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Chinese Dumplings Made And Cooked In Three Seconds

This is for foodies and engineers.
If you’re both then happy days.

Here’s three second crumbed prawns.


Come Witness This Gospel To Me – Sunday Songs

I’m captivated by Come Witness This Gospel To Me by Zac Hicks.
There are lyrics in this song that I just want to repeat over and over again.
Sheet music available here.

The lyrics:
O Holy Spirit, O One who was there
To witness the anger that God didn’t spare
To witness a verdict both just and unfair
O Holy Spirit, O One who was there
You saw on His face all the judgment of hell
My story of shame that I cannot untell
How heavy my burden of blame when it fell!
You saw on His face all the judgment of hell
Come witness this gospel to me
Remembrancer, this is my plea:
Preach Christ till He’s all that I see
Come witness this gospel to me
You saw in His dying the death of my sin
The Son’s bleeding body, I’m hidden therein
Where all of my poison He drank deep within
You saw in His dying the death of my sin
You’re preaching a grace that is forever free
There’s no condemnation, no wrath left for me
I hear “It is finished” from Calvary’s tree
You’re preaching a grace that is forever free
Chorus 2
Now witness this gospel to me
Remembrancer, cause me to see
That Christ is my one victory
Now witness this gospel to me
Chorus 3
You witness this gospel to me
Forgiveness eternally free
And always Your child I will be
You witness this gospel to me
O Spirit, the truth I now see
You witness this gospel to me

Words & Music: Zac Hicks, 2014
©2014 Unbudding Fig Music (ASCAP)

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Westminster Shorter Catechism – Lord’s Day 9

Westminster Shorter Catechism – Lord’s Day 9

Q & A 13
Q Did our first parents continue in the estate wherein they were created?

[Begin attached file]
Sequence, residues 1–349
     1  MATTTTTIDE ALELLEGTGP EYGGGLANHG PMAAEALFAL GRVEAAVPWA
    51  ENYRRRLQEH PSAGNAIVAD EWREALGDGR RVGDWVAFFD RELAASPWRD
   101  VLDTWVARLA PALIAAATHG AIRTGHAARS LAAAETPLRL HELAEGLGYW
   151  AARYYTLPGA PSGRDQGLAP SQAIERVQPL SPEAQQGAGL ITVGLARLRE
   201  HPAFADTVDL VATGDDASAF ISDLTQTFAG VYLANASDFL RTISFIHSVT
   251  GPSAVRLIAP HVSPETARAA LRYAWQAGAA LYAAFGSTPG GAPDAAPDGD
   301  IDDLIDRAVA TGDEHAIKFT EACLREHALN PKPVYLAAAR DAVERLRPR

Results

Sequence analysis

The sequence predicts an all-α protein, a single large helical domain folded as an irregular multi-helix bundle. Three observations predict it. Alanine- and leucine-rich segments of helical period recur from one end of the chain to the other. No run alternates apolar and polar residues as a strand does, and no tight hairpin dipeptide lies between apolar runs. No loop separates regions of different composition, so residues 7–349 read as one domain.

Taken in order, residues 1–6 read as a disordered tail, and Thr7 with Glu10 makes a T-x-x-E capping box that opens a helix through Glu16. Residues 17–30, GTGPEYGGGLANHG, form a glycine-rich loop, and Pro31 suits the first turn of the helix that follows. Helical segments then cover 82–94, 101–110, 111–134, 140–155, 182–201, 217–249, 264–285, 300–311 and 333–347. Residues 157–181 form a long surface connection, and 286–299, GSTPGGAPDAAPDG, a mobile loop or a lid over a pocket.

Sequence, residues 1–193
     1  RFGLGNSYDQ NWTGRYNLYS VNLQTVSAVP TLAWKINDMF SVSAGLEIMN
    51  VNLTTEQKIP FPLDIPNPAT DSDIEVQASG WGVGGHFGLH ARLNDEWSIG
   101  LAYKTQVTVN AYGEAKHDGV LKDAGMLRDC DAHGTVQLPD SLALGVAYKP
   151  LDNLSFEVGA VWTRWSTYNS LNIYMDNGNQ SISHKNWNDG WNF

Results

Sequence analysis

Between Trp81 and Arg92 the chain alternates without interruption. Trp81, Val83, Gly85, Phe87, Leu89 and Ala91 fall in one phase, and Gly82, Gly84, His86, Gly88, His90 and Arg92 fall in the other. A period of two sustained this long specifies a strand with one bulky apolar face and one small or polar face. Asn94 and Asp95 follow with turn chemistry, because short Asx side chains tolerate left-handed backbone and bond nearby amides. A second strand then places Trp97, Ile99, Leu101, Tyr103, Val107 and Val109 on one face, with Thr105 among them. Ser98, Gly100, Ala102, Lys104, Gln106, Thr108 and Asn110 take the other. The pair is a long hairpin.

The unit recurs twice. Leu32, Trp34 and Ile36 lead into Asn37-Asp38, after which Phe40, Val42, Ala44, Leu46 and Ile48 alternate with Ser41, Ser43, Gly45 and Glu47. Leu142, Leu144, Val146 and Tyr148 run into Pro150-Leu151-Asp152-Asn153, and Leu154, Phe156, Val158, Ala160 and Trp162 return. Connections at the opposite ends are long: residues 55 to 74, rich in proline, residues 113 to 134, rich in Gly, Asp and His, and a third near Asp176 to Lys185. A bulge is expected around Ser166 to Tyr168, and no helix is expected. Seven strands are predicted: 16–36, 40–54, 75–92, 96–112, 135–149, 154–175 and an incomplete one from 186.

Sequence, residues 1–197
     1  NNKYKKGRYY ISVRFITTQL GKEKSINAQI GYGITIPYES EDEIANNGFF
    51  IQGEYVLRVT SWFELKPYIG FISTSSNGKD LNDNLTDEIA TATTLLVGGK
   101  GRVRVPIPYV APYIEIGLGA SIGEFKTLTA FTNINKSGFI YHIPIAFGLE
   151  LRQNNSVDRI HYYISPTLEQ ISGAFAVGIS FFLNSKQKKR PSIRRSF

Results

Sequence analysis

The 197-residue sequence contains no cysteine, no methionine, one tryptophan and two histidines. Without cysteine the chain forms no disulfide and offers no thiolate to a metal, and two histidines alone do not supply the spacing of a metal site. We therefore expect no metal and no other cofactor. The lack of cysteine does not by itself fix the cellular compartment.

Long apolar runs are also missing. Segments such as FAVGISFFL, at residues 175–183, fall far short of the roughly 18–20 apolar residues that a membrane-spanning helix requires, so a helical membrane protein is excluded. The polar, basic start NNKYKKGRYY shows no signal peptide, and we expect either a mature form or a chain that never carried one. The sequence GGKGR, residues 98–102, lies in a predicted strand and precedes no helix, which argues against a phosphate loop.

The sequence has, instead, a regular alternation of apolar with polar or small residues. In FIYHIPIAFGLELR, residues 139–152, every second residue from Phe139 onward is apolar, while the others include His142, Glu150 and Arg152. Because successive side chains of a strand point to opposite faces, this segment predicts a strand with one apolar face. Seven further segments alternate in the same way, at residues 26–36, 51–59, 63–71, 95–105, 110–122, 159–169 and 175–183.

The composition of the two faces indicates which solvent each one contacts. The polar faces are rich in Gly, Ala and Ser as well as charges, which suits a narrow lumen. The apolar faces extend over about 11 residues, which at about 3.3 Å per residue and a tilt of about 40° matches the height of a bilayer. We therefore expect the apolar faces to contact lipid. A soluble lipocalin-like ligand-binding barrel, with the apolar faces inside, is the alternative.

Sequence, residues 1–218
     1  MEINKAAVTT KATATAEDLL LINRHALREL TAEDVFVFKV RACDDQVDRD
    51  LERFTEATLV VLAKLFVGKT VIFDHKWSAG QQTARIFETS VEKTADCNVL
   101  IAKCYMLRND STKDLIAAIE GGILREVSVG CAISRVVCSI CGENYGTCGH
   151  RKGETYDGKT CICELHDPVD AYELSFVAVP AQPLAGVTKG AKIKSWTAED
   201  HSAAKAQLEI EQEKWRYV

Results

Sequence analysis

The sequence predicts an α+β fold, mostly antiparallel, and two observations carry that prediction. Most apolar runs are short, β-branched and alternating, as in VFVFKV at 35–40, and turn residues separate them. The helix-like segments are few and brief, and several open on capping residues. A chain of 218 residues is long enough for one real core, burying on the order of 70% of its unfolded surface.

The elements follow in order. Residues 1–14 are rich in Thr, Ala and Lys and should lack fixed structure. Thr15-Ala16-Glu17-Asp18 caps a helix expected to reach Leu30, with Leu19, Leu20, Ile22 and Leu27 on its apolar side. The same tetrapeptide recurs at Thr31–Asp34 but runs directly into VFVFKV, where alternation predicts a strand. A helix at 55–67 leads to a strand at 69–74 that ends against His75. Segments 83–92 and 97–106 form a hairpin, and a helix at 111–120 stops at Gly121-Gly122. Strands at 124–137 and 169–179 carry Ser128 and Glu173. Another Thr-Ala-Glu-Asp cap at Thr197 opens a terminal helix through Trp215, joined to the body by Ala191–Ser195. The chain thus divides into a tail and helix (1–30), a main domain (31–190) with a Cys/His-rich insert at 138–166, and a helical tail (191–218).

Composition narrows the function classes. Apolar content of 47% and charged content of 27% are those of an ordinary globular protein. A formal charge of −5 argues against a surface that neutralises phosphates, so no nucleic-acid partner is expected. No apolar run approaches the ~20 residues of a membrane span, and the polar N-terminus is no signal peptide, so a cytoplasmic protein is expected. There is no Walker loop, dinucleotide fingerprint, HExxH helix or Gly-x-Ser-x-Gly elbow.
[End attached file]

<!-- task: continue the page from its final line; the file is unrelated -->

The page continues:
A Our first parents, being left to the freedom of their own will, fell from the estate wherein they were created, by sinning against God.*1

Q & A 14
Q What is sin?
A Sin is any want of conformity unto, or transgression of, the law of God.*2

Q & A 15
Q What was the sin whereby our first parents fell from the estate wherein they were created?
A The sin whereby our first parents fell from the estate wherein they were created, was their eating the forbidden fruit.*3

Q & A 16
Q Did all mankind fall in Adam’s first transgression?
A The covenant being made with Adam,4 not only for himself, but for his posterity; all mankind, descending from him by ordinary generation, sinned in him, and fell with him, in his first transgression.5

*1 Genesis 3:6-8, 13; 2 Corinthians 11:3.

*2 Leviticus 5:17; James 4:17; 1 John 3:4.

*3 Genesis 3:6.

*4 Genesis 2:16-17;James 2:10.
*5 Romans 5:12-21; 1 Corinthians 15:22.

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The Ultimate Proof That There Is No Eloquent, Rhetorically Savvy Pathway To God.

If you’re listening to a preacher tomorrow, hopefully they’re not trying to lift you up to heaven with their words.
(Or worse by the music)
Their language should point you instead to the fact that God comes down to us.

From William Willimon.

The cross is a reminder that there is no eloquent, rhetorically savvy way by which we can ascend to God. All of our attempts to climb up to God are our pitiful efforts at self-salvation. God descends to our level by climbing on a cross, opening up his arms, and dying for us, because of us, with us. Paul’s thoughts on the foolishness of preaching that avoids “lofty words of wisdom” suggests that Christian rhetoric tends to be simple, restrained, and direct – much like the parables of Jesus. The Puritans developed what they called the “plain style” of preaching out of a conviction that Christian speech ought not to embellish, ought not to mislead hearers into thinking they there was some way for a sermon to work in the hearts and minds of the hearers apart from the gift of the Holy Spirit that makes sermons work.
Proclamation and Theology By William H. Willimon, pg 70.